Monday, October 5, 2009

Before the storm

This week has been one massive heart-throbbing head-splitting race to study for the first examination of second year medicine - Pathobiology of Disease (PBD). Yesterday, in the final throes of serious crammage, I had some genuinely gratifying moments. For a few brief seconds, I felt competent.

Andy: So, are you partying tonight?

Sandlot: I don't know. It all depends on my friend. He went to the doctor because he thought he might have bronchitis. So, if he does, then obviously not.

Andy: Bronchitis.

Sandlot: Yup.

Andy: Apparently, most people expect antibiotics for bronchitis, and they get them even though they're mostly viral.

Sandlot: Oh yeah? Then what are you supposed to get?

Andy: They're mostly self-resolving.

Sandlot: But how long does it take to self-resolve?

Andy: I forget... like a week?

Sandlot: 'Cause he's had it for a month.

Andy: What kind of symptoms does he have? (I'm like reviewing at your friend's expense)

Sandlot: Hmm... from what I remember, cough... mucous... his ears started to get plugged. That's all I can remember.

Andy: Maybe he has a bacterial sinusitis. The only thing I can remember right now is to suspect bacterial sinusitis if cold-like symptoms persist for more than 5-7 10-14 days.

Sandlot: What's bacterial sinusitis?

Andy: It's like an infection of the air spaces around your nose.

Sandlot: But his nose isn't affected?

--- about an hour later ---


Andy: BAM! I think I should stop studying now.

After all those hours of studying, my brain felt like it was liquefying. My MSN status message at that time read: Liquefactive necrosis of the brain.

Stewie: I would've thought it would be coagulative... PBD-induced ischemia!

Andy: Is it coagulative in the brain too? I know you can get liquefactive in the brain - not sure what it's from. I know coagulative is like MI.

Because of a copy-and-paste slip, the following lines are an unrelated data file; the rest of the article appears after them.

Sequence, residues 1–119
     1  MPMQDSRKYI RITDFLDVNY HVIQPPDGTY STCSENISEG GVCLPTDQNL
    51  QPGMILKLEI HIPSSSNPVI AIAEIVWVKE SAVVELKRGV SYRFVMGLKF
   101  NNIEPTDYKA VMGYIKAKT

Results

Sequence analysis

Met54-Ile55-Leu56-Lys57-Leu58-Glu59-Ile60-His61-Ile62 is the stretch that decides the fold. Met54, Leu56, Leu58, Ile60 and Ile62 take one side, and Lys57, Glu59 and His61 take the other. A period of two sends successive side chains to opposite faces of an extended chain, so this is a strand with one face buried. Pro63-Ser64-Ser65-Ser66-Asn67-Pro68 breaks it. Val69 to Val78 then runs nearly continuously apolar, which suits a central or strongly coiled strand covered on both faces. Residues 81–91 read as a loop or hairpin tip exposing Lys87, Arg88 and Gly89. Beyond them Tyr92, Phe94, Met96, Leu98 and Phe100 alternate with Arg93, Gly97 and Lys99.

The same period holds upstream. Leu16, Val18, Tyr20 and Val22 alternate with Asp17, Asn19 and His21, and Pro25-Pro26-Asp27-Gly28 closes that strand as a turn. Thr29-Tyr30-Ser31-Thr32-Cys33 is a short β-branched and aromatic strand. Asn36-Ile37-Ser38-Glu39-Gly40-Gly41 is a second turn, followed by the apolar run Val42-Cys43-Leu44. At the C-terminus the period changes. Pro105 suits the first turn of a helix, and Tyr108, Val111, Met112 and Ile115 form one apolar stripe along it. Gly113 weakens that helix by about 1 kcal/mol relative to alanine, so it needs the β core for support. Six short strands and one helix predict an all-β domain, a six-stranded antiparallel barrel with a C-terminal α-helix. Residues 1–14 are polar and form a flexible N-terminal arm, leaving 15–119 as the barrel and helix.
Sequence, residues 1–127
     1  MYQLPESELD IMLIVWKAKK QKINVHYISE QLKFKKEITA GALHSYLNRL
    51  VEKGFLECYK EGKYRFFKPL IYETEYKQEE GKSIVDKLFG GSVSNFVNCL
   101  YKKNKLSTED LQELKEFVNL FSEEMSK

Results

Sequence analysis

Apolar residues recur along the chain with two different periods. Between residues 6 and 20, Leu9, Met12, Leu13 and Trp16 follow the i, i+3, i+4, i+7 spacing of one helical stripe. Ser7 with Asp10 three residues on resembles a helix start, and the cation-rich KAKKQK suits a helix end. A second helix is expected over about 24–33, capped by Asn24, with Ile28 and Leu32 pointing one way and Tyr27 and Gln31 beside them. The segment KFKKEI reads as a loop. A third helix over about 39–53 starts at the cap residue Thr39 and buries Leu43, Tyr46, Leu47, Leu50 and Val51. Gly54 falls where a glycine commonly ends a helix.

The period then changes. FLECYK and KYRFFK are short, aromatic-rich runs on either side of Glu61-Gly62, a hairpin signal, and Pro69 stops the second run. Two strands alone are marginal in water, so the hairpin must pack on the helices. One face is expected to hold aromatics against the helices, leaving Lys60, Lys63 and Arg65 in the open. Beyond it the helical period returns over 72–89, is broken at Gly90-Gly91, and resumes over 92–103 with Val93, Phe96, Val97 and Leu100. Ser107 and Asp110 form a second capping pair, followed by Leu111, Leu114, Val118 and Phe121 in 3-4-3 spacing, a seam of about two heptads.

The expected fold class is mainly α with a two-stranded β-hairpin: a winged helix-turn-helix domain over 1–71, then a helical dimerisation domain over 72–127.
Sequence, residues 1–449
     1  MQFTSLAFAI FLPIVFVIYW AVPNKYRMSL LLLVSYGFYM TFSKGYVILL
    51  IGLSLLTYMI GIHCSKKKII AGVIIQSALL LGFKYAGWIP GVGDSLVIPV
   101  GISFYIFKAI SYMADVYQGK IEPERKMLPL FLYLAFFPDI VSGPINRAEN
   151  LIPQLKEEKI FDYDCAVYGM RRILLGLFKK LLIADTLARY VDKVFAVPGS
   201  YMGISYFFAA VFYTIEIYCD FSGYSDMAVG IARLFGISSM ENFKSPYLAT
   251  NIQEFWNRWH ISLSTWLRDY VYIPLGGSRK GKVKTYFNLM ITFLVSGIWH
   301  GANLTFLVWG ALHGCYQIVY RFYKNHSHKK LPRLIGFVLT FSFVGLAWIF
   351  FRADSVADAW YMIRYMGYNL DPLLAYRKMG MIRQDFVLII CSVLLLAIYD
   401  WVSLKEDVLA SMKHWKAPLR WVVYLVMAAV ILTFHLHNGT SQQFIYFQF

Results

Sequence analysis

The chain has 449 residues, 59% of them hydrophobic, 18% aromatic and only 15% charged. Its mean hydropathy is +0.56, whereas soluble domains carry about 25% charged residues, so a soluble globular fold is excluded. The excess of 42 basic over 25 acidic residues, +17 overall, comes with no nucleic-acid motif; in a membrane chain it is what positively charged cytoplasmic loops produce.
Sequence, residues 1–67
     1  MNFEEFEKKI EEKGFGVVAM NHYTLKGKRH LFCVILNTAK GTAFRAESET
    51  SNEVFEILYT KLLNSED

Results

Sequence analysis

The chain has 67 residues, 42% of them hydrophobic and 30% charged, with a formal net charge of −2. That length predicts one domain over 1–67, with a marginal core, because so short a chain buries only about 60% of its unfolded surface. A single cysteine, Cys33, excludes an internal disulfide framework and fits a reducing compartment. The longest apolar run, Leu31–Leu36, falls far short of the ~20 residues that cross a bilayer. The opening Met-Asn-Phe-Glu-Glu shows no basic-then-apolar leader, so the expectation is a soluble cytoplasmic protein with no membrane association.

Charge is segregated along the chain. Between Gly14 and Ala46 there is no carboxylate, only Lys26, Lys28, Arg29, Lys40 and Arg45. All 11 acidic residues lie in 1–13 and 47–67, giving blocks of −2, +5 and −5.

Stewie: Liquefactive I thought has to be bacterial or fungal.

--- several minutes later ---

Stewie: Oh damn, nevermind. You're totally right.

Stewie: "For unclear reasons, hypoxic death of cells within the central nervous system also results in liquefactive necrosis."

Andy: Haha, win!

And, of course, we all spent a fair share of time stressing out over our practice runs through past exams.

Kushima: I continually achieve new records in dealing with procrastination, which is what I meant by the squeeze phrase.

Kushima: For which one of the following skin diseases would a topical anti-fungal agent be most appropriate as treatment?

a) Atopic dermatitis
b) Psoriasis
c) Scabies
d) Tinea corporis
e) Zoster (shingles)

Kushima: Try this question.

Andy: Hmm... not E and not C. I am tempted to say A, but it sounded like that might not be right. D?

Kushima: Hah, I have no clue. Make up your mind.

Andy: D.

Kushima: Yes.

Andy: w00t!

Kushima: Good job. Looking at the question I can't recall even a single fact about any of those options.

Andy: Herpes zoster is a virus. Scabies is a parasite... little bug. Atopic dermatitis is eczema.

Kushima: Hmm, yeah, I forgot about those.

Kushima: Which one of the following principles is most important in ensuring maximum benefit from antibiotic treatment in the management of septic shock?

a) Administration 30 minutes before corticosteroids
b) Administration in conjunction with inotropic agents
c) Administration of synergistic combinations
d) Administration through a central venous access line
e) Administration within 2 hours of the onset of hypotension

Kushima: Try one more.

Andy: Uh... I have no idea. E?

Kushima: Damn, you're a good guesser.

I got the bonus question on the 2008 exam also.


shirls said...

LOL! Brilliant!

Haircut time?

a_ndy said...


Joyce said...

LOL! You are full of win!

sandlot said...

wow... if only all exams had that question.

anyway, you're on your way to become dr. awesome. my friend was very impressed with your diagnostic skills.

a_ndy said...

Hopefully, they will only improve with time (and by improve I mean less guessing and um-ing).